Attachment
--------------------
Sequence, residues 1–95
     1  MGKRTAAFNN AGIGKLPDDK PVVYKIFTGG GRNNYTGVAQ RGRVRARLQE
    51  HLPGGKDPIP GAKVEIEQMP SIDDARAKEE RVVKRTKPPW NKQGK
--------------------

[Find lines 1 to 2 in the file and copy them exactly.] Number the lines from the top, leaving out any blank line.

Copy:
Sequence, residues 1–95
     1  MGKRTAAFNN AGIGKLPDDK PVVYKIFTGG GRNNYTGVAQ RGRVRARLQE